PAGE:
Malala Yousafzai received her Nobel Peace Prize in Oslo on Wednesday, but she wasn't alone.
Slightly overlooked, prominent children's rights campaigner Kailash Satyarthi also received the prize in recognition of his work to liberate children from slavery in India.
Although Yousafzai naturally attracted more attention — she's the youngest laureate ever, and her shooting in 2012 made headlines globally — the two have something in common: They both work on behalf of children. (Video via Nobel Foundation)
Satyarthi said, "I refuse to accept that all the temples and mosques and churches and prayer houses have no place for the dreams of our children."
For more than 30 years, Satyarthi's work has included leading raids on factories and mines in India that often bind whole families into forced labor, and he has reportedly freed tens of thousands of children. (Video via The Guardian)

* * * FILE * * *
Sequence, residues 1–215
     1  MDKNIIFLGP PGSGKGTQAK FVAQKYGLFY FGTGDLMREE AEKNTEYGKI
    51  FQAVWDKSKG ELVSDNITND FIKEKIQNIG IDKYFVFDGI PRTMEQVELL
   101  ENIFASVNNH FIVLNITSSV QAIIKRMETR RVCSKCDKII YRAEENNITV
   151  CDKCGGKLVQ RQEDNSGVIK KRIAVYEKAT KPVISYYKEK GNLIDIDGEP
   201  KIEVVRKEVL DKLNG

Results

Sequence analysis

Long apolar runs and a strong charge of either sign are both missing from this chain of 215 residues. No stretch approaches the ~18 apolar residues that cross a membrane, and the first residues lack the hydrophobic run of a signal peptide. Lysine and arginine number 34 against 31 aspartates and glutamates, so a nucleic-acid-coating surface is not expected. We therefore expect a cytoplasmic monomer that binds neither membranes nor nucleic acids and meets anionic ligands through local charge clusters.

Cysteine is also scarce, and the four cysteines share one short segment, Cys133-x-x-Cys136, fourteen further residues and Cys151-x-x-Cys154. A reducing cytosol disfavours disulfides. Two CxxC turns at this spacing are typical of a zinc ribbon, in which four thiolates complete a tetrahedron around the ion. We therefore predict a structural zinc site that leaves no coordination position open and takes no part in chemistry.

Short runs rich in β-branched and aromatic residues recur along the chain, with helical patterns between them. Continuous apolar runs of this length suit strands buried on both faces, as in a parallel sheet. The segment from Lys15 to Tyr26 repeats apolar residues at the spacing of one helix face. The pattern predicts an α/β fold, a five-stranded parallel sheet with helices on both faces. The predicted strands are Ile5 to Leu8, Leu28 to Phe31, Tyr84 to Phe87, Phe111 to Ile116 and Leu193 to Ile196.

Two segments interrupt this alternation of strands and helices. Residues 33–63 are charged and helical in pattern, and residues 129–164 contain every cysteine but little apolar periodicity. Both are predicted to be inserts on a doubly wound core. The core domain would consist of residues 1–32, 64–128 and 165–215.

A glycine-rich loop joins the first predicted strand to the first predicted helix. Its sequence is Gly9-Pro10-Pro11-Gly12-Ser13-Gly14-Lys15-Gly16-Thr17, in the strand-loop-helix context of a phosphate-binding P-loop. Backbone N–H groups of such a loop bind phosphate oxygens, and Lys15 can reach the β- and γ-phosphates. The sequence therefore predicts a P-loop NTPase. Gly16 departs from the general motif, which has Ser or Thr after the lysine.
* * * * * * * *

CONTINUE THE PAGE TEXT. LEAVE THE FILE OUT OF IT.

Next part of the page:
Yousafzai has focused her efforts on the education of children, girls in particular, and it was because of her vocal support for children's right to be educated that the Taliban tried to kill her. (Video via World Bank)
The pair's recognition this year is especially significant considering the United Nations says 2014 has been one of the worst years for children around the world.
A report the UN Children's Fund, UNICEF, put out this week detailed how the number of international crises, from the Ebola outbreak in West Africa to the rise of ISIS, have piled on and interrupted the lives of millions of children. (Video via UNICEF)
"As many as 15 million children are caught up in violent conflicts in the Central African Republic, Iraq, South Sudan, the State of Palestine, Syria and Ukraine. ... Globally, an estimated 230 million children currently live in countries and areas affected by armed conflicts."
UNICEF also pointed out the sad irony that this report comes on the 25th anniversary of the Convention on the Rights of the Child, and said it was beholden on all nations to make 2015 better.
This video includes images from Getty Images and music from Chris Zabriskie / CC BY 3.0.